Even as Adams was pursuing his independent path north, tourist infrastructure was bringing the northern Australian safari experience within reach for those with little experience but sufficient funds to secure the provision of equipment, vehicles and expert advice. The Australian Crocodile Shooters’ Club, founded in 1950, predated Northern Safari, but it tapped into the same interest in the potential of northern Australia to offer adventure. It clearly associated that adventure with big game hunting and the club’s success depended on its marketing of the adventurous north to Australia’s urban population (Brennan “Africa” 403-06). Similarly, the safari camps which developed in the Northern Territory, starting with Nourlangie in 1959, promoted the adventure available in Australia’s north to those who sought to visit without necessarily roughing it. The degree of luxury that was on offer initially is questionable, but the notion of Australia’s north as a big game hunting destination supported the development of an Australian safari industry (Berzins 177-80, Brennan “Africa” 407-09). Safari entrepreneur Allan Stewart has eagerly testified to the broad appeal of the safari experience in 1960s Australia, claiming his clientele included accountants, barristers, barmaids, brokers, bankers, salesmen, journalists, actors, students, nursing sisters, doctors, clergymen, soldiers, pilots, yachtsmen, racing drivers, company directors, housewives, precocious children, air hostesses, policemen and jockeys (18).
Later Additions to the Imaginary of the Northern Safari
Adams’s film was made in 1955, and its subject of adventurous travel and hunting in northern Australia was taken up by a number of books during the 1960s as publishers kept the link between large game and the adventurous north alive. New Zealand author Barry Crump contributed a fictionalised account of his time hunting crocodiles in northern Australia in Gulf, first published in 1964. Crump displayed his trademark humour throughout his book, and made a running joke of the ‘best professional crocodile-shooters’ that he encountered in pubs throughout northern Australia (28-29). Certainly, the possibility of adventure and the chance to make a living as a professional hunter lured men to the north.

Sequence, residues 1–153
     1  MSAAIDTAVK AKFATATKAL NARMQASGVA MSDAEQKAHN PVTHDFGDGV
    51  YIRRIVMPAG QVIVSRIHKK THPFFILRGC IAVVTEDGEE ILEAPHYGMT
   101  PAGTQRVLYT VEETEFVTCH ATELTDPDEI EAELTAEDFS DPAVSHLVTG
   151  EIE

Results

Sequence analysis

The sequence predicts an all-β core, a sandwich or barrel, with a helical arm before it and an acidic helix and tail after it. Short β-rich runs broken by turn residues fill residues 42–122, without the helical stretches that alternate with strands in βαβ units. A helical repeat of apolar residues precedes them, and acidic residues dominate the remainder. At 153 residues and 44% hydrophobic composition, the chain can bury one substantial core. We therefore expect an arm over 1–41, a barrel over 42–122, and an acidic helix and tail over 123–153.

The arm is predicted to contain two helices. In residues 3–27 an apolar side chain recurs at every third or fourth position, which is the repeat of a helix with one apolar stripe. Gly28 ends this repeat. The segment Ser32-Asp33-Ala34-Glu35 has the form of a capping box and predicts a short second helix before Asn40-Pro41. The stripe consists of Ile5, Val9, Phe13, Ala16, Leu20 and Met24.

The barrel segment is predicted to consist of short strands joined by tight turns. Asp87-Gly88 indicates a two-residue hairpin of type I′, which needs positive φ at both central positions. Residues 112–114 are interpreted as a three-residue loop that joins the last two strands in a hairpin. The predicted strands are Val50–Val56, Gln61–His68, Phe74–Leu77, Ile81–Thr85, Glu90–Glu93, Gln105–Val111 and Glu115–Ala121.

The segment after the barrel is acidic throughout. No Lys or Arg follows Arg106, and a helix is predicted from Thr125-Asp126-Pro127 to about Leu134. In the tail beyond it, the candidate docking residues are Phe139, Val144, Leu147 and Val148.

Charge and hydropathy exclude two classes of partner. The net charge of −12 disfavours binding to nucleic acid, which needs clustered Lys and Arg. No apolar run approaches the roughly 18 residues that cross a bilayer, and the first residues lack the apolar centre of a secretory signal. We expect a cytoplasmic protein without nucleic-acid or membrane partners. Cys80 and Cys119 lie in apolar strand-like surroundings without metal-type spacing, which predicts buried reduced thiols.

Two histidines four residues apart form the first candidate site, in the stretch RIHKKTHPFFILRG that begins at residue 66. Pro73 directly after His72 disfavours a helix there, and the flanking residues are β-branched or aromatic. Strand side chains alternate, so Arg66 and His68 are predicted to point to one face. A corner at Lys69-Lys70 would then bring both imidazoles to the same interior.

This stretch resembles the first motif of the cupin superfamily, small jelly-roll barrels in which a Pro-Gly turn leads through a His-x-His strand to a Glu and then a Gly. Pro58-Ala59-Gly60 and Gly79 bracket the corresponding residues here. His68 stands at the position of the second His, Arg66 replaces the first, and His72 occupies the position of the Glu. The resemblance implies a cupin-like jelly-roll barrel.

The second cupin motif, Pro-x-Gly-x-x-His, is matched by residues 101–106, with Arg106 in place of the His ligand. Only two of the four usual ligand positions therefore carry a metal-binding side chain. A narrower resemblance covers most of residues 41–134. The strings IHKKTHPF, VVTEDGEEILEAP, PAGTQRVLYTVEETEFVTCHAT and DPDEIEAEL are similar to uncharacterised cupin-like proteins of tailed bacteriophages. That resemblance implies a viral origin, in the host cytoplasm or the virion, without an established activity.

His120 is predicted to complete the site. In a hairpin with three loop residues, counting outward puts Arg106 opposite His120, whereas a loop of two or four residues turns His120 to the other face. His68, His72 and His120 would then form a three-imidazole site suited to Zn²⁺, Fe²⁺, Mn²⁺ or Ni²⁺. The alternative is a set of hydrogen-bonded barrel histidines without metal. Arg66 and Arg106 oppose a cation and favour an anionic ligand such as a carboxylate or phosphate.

Among those who came was Australian journalist Keith Willey who in 1966 published an account of his time crocodile hunting. Willey promoted the north as a site of adventure and rugged masculinity. On the very first page of his book he established his credentials by advising that “Hunting crocodiles is a hard trade; hard, dirty and dangerous; but mostly hard” (1). Although Willey’s book reveals that he did not make his fortune crocodile hunting he evidently revelled in its adventurous mystique and his book was sufficiently successful to be republished by Rigby in 1977. The association between the Australian north, the hunting of large animals, and adventure continued to thrive.
These 1960s crocodile publications represent a period when crocodile hunting replaced buffalo hunting as a commercial enterprise in northern Australia. In the immediate post-war period crocodile skins increased in value as traditional sources became unreliable, and interest in professional hunting increased. As had been the case with Warburton, the north promised adventure to men unwilling to return to domesticity after their experiences of war (Brennan, “Crocodile” 1). This part of the northern imaginary was directly discussed by another crocodile hunting author. Gunther Bahnemann spent some time crocodile hunting in Australia before moving his operation north to poach crocodiles in Dutch New Guinea. Bahnemann had participated in the Second World War and in his book he was clear about his unwillingness to settle for a humdrum life, instead choosing crocodile hunting for his profession. As he described it: “We risked our lives to make quick money, but not easy money; yet I believe that the allure of adventure was the main motive of our expedition. It seems so now, when I think back to it” (8).